Joy of Living: A Tribute to Ewan Maccoll

Album Review of Joy of Living: A Tribute to Ewan Maccoll by Various Artists.

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Joy of Living: A Tribute to Ewan Maccoll

Various Artists

Joy of Living: A Tribute to Ewan Maccoll by Various Artists

Release Date: Oct 30, 2015
Record label: Compass
Genre(s): Folk, Pop/Rock, British Folk, Political Folk, Sea Shanties, Work Song

80 Music Critic Score
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Joy of Living: A Tribute to Ewan Maccoll - Very Good, Based on 6 Critics

The Guardian - 100
Based on rating 5/5
100

That controversial pioneer of the British folk revival, the late Ewan MacColl, was born in 1915, and the centenary is being marked by reminders that he was a bravely original songwriter. On this remarkable double album, 21 artists rework his songs, ranging from poignant studies of working lives to political comment and love ballads. Many of the best are from the experimental Radio Ballads shows, broadcast by the BBC between 1957 and 1964; they include Norma Waterson’s gently pained version of Moving On Song, and Karine Polwart’s powerful The Terror Time, both dealing with the realities of Gypsy life.

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PopMatters - 80
Based on rating 8/10
80

One hundred years on from his birth, Ewan MacColl’s reputation is at something of an odd point. It’s true that a number of MacColl’s compositions remain staples on the folk scene and beyond (within just a couple of months this year I saw both Barb Jungr and Neill MacColl perform “Sweet Thames, Flow Softly” in separate shows at London’s Royal Festival Hall) justifying Christy Moore’s comment that MacColl’s work “has been absorbed into the mainstream national repertoire. ” Still, there’s a case to be made that MacColl’s achievements have been less acknowledged than they might have been in recent years.

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AllMusic - 80
Based on rating 8/10
80

Celebrating the centenary of his birth, Compass Records has compiled this glowing two-disc tribute to British folk icon Ewan MacColl. MacColl's influence on the British folk revival of the '50s and '60s is immeasurable and the range of artists who lined up to pay homage includes both newcomers and folk legends in their own right. Members of the Waterson and Carthy clans are well-represented here and are predictably well-suited to the material.

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The Observer (UK) - 80
Based on rating 4/5
80

Ewan MacColl’s legacy as godfather of British folk remains compromised by his dogmatic, Marxist approach to the music (and finger-in-ear posturing), but this 21-track centenary tribute underscores what a fine songwriter he was. Produced by sons Calum and Neill, it embraces established interpreters of his canon (Dick Gaughan, Martin Carthy, Christy Moore) and adds less likely names such as David Gray and Rufus and Martha Wainwright (with a languid take on Sweet Thames Flow Softly). Honour is done to MacColl’s pungent political writing – oft-covered Dirty Old Town gets a gruff, bluegrass makeover from Steve Earle – but also to personal pieces such as My Old Man (sung straight by Chaim Tannenbaum) and the lullaby Cannily, Cannily, enchantingly delivered by the Unthanks.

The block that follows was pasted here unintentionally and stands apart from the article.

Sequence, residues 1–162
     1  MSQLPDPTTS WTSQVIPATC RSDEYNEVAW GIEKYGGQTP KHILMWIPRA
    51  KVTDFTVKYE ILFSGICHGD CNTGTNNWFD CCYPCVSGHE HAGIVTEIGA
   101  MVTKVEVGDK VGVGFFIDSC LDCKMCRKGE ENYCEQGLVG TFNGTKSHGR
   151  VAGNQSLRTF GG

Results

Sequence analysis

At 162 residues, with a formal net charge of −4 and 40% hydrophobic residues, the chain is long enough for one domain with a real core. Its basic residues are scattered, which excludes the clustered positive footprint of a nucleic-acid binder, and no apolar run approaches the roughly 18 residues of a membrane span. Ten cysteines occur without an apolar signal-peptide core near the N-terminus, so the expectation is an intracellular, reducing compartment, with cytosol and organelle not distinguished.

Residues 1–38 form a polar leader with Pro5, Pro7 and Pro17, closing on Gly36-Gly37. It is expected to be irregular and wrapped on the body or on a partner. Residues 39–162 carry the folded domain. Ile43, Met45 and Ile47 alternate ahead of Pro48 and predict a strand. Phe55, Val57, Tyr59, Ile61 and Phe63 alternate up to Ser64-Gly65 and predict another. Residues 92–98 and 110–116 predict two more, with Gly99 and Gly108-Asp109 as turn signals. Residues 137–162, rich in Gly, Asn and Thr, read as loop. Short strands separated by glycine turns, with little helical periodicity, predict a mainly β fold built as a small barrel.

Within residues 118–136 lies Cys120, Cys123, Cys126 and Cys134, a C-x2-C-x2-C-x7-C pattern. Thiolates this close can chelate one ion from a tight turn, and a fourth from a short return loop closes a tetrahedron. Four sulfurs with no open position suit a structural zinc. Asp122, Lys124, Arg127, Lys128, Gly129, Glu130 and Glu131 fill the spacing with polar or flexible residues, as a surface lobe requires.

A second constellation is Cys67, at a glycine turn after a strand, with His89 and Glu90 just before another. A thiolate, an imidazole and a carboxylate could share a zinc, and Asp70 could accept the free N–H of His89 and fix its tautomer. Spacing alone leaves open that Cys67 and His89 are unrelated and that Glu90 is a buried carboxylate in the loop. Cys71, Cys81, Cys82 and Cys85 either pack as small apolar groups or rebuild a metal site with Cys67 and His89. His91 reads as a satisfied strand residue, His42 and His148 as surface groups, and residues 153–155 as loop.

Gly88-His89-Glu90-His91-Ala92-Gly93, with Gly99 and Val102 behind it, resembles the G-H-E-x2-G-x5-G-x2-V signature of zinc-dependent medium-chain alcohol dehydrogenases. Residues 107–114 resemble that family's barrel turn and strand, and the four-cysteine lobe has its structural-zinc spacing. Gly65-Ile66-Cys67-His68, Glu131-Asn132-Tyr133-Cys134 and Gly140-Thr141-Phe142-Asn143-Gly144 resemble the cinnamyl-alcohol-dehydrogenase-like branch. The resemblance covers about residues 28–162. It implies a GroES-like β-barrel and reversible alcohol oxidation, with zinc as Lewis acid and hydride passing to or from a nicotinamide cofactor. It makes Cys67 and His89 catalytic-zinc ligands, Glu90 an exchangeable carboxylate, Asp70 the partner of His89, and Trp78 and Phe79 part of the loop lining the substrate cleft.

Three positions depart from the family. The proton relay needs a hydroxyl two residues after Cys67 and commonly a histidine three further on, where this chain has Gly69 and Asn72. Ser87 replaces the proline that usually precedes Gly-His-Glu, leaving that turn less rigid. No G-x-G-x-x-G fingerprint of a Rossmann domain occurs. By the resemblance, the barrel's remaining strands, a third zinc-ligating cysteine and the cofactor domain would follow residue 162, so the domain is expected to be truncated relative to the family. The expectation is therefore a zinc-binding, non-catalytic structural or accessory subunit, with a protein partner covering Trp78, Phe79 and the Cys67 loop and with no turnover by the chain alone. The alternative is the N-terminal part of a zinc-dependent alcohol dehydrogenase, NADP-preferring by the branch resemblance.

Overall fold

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Record Collector - 80
Based on rating 4/5
80

Ewan MacColl polarised opinion in many spheres, but there’s one thing no one can deny: his ability to write a brilliant song. This is borne out on Joy Of Living, a 21-track tribute to MacColl’s musical legacy, compiled to mark the centenary of his birth. Performers come from a range of backgrounds that MacColl might not have approved wholeheartedly – the folk tradition is strongly represented by various members of the Carthy- Waterson dynasty, along with Seth Lakeman and others, but Jarvis Cocker and David Gray come from somewhat different areas of endeavour.

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American Songwriter - 60
Based on rating 3/5
60

Various ArtistsJoy of Living: A Tribute to Ewan MacColl(Compass)Rating: 3.5 out of 5 stars Born James Miller (he changed it to the legendary MacColl later), Ewan MacColl was not just a noted British traditional folk songwriter; he was also a labor activist, playwright, poet, actor and record producer. At the time of his 1989 death at 74, his best known song in America (out of more than 300 he composed) was one he wrote but never sang. Roberta Flack’s version of “The First Time Ever I Saw Your Face” was written for his third wife Peggy Seeger, but it didn’t elevate his name in the States, a country from which he was banned due to his Communist viewpoints.

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